by Christine A.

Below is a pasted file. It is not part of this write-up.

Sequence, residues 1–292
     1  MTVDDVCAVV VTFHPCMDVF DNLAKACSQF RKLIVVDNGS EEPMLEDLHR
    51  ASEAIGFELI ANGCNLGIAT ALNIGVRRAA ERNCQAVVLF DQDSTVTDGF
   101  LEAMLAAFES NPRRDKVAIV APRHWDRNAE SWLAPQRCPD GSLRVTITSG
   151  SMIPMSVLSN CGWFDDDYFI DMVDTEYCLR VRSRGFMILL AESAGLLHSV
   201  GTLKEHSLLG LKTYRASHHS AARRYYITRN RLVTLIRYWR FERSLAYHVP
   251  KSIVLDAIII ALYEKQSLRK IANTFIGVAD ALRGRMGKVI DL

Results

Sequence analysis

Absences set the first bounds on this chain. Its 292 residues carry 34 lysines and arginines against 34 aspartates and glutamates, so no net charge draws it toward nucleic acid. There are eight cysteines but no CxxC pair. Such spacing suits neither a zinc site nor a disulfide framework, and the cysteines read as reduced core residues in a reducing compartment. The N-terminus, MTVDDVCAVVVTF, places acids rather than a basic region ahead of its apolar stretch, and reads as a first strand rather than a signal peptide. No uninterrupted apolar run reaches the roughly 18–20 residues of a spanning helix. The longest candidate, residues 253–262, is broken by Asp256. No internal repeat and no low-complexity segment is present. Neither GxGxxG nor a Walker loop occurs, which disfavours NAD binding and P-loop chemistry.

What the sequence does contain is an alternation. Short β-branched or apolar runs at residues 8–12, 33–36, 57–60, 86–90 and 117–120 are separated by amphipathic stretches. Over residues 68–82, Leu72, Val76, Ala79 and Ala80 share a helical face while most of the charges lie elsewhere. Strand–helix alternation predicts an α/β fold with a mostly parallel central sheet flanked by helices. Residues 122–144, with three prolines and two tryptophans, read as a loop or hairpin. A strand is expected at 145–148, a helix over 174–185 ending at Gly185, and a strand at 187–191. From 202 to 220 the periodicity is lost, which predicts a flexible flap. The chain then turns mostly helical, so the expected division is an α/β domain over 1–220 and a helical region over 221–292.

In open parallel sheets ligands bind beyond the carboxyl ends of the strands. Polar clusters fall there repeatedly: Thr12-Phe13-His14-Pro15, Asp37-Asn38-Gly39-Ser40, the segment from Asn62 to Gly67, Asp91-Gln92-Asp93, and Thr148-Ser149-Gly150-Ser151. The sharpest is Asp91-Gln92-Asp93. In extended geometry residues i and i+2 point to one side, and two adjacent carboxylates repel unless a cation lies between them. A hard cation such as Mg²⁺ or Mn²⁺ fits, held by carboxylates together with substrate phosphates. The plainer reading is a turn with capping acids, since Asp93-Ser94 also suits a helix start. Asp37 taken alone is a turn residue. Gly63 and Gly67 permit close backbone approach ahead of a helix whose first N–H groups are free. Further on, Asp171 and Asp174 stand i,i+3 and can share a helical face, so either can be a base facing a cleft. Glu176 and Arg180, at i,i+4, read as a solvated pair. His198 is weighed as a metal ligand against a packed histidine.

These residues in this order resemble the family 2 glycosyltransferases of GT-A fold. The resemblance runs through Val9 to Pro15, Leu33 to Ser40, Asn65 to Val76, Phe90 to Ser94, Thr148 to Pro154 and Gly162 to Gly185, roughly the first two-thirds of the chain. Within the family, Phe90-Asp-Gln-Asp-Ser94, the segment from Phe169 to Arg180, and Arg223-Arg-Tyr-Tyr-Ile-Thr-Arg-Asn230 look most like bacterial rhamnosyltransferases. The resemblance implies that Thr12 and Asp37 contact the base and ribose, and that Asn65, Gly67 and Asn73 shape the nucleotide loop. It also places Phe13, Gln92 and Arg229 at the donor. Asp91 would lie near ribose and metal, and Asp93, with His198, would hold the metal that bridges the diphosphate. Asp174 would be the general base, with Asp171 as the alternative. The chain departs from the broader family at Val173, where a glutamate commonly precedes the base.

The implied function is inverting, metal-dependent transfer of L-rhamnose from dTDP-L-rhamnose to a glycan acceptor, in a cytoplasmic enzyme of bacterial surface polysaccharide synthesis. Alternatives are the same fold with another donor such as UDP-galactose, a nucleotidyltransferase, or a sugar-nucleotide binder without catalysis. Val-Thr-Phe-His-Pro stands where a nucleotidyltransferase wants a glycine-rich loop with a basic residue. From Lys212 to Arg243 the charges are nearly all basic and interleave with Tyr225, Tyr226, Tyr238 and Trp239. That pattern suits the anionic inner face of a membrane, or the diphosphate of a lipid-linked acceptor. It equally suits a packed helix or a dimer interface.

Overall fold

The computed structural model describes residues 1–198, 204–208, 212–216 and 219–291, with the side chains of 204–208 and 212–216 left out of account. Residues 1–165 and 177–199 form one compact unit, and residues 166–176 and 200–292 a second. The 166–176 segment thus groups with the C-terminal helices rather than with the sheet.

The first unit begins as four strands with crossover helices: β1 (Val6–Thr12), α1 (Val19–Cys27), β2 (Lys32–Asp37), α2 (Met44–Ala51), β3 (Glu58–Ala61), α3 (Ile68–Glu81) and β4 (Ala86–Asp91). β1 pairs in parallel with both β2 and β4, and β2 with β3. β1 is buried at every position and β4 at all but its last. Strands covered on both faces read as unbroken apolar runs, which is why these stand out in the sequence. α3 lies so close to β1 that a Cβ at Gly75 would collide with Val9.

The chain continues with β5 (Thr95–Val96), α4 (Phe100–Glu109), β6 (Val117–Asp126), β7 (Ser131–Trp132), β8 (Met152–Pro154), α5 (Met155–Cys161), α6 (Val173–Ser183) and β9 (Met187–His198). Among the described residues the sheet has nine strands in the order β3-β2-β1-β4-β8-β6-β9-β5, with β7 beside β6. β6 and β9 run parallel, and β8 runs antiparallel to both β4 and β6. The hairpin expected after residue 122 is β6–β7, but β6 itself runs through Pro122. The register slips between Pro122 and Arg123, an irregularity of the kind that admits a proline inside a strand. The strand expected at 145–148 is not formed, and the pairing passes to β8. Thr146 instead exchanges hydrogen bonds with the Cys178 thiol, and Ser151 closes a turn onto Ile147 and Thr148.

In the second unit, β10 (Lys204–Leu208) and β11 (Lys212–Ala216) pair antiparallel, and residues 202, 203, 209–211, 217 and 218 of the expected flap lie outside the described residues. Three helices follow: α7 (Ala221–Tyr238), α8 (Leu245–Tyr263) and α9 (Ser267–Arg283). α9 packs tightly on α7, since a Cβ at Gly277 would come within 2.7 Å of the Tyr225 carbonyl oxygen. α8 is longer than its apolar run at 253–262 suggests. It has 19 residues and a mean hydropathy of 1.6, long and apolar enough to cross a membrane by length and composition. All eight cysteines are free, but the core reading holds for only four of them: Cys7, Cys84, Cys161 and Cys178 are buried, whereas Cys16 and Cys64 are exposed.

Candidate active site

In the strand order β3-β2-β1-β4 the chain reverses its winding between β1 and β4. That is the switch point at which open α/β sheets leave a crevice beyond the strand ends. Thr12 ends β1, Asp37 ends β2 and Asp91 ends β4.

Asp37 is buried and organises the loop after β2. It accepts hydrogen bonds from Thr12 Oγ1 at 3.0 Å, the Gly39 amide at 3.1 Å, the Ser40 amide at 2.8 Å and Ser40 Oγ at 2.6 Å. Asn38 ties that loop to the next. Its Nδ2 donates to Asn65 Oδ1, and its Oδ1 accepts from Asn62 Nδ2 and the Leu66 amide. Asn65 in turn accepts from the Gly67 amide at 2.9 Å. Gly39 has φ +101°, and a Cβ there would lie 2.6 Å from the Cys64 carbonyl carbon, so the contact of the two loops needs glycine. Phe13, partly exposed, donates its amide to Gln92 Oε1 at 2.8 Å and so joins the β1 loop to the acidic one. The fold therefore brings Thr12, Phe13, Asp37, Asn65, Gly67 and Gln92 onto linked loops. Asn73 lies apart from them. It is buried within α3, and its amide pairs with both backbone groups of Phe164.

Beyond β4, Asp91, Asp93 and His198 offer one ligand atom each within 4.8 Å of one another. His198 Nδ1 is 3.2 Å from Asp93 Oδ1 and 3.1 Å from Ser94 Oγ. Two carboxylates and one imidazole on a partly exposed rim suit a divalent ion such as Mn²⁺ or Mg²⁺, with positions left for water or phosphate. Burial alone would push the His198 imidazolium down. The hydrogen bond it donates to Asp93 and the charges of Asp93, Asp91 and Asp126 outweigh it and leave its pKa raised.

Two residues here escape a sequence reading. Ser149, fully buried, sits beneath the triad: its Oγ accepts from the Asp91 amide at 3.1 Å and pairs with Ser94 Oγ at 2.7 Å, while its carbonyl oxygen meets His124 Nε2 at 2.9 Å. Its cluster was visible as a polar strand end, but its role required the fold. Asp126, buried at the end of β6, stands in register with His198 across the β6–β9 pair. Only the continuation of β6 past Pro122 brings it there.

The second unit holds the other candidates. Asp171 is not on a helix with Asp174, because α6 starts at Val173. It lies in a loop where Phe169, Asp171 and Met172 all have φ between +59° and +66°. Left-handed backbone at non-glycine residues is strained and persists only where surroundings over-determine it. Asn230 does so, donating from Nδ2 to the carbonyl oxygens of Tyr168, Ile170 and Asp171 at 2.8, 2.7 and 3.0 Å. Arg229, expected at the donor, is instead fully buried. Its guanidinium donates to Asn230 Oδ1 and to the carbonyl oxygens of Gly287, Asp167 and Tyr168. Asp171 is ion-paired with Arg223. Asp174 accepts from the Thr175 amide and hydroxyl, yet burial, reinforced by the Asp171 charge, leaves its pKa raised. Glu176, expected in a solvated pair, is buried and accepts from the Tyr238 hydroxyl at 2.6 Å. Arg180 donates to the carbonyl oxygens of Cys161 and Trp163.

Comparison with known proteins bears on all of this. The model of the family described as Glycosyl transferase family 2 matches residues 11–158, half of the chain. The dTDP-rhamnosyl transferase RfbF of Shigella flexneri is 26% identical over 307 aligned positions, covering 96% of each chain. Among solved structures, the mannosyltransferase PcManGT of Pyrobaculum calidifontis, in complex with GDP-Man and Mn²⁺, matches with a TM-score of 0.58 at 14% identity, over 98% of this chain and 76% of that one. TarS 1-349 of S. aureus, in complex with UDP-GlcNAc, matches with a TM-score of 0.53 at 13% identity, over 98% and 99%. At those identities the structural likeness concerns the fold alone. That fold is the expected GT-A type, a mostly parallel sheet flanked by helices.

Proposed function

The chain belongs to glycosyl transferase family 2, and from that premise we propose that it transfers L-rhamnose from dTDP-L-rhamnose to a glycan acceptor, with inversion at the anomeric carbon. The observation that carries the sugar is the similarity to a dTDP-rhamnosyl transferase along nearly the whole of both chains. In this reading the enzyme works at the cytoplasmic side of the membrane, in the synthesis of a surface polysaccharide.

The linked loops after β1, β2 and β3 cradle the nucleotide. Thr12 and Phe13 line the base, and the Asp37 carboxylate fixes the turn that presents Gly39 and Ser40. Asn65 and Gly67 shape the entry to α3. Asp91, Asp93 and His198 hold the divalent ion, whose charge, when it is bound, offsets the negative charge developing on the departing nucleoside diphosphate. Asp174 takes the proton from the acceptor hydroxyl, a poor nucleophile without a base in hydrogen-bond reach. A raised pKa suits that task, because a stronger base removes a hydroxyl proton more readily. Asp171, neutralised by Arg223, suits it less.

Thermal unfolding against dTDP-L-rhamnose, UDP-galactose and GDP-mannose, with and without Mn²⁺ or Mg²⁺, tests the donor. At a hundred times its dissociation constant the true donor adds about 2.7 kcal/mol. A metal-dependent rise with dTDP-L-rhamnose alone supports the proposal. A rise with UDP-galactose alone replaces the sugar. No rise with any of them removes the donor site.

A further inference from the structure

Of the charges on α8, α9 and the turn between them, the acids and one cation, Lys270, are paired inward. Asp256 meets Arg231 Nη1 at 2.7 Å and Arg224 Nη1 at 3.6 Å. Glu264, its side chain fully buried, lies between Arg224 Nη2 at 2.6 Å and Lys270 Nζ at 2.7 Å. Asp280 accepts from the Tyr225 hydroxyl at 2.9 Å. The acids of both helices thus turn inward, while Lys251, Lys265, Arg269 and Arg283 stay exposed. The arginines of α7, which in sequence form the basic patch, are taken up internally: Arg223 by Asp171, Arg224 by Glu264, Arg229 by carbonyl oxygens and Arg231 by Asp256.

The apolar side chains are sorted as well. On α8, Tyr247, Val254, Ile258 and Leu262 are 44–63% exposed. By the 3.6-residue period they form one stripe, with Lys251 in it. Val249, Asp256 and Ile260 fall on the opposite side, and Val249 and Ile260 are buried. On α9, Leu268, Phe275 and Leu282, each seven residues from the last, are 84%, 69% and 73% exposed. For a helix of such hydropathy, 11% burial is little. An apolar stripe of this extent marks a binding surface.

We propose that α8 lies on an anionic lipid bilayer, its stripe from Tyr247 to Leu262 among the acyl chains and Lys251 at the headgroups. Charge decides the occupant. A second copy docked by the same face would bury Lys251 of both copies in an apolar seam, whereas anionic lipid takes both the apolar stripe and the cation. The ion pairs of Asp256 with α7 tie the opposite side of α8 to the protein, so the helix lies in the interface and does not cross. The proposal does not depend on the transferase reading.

Holliday Pets: we love them, pamper them, and treat them like members of the family. But in too many cases, we don’t have a plan for who will take care of them if we are unable to do so. It might be that we have no friends or family to assume care of the pet if we die, or that health concerns, a new job or a smaller home dictate that we can no longer keep our beloved furry friend. Whatever the reason, it sometimes happens that we have to find new homes for our pets, and worry that our littlest family member won’t find the love and comfort we want him/her to have. Since 1996, The Toledo Area Humane Society has offered The Forever Friends Surviving Pet Care Program, to help guarantee that dogs or cats will be taken care of if the owner dies or has to surrender the pet. “[The program] gives pet owners peace of mind,” says Humane Society Director of Development Danielle Jones. “The pet stays with us, getting veterinary care, individual attention, a warm bed, food, and security until a new owner and forever home are found. The shock of being moved from a lifelong home to an unfamiliar new one can be quite stressful on a pet, and owners who love their pets want to minimize that anxiety.” Insuring their future “Those who are planning their estates enroll in the program. They are asked to earmark funds, depending on the number of pets, to cover the needs of the pet until a new owner is secured, essentially naming the Humane Society as a beneficiary in the will or trust or life insurance policy,” Jones explained. The Society will provide limited veterinary care and vaccinations while the pet is in foster care, and accept additional care funds to be held in special accounts until the adoption is complete, when those extra funds are transferred to the new owner. According to Jones, each owner receives a card directing survivors to take the pet to the Humane Society. Pet owners enrolling in the program complete a personality profile about their pet, indicating the pet’s gender, special markings and general temperament. There are questions about the pet’s habits, favorite foods and activities, current medical conditions and behavior (e.g.: How does the pet respond to strangers? Is the pet afraid of thunder? Fireworks? Other animals?). Some owners like to include a letter to the future owners about their canine or feline family member, a gesture Ms. Jones says is appreciated by the adopter. The Humane Society keeps that information until the time comes when the profiled pet needs a new home. Officials conduct one-on-one interviews with potential pet “parents,” sharing background information and making certain the new owners and the pet can live happily together. Post-adoption checks are made to verify that the new owner-pet relationship is working out and that the pet is happy and safe. ‘Making certain’ Mike Grames is a Forever Friends member who has made plans for the care of his three cats and two dogs if something happens to him. He was moved to join for two reasons. First, his financial planner encouraged him to get his affairs in order and make a will outlining any bequests he wanted to make, including a gift to the Humane Society. Second, as a volunteer at the Humane Society, he was familiar with the number of pets dropped off at the shelter when their owners couldn’t care for them anymore. “It seemed important to me to have a plan,” Grames said. “I don’t have anyone to take my pets if something happens to me and, while I am not worrying about dying, you never know. I wanted to make certain that my pets would find good homes. This program has allowed me to do that.” Jones said that there are 53 people currently enrolled in the program, and invites inquiries from all pet owners. Contact Danielle Jones for more information at the Toledo Area Humane Society, 1920 Indian Wood Circle, Maumee, at 419-482-7101, or email@example.com.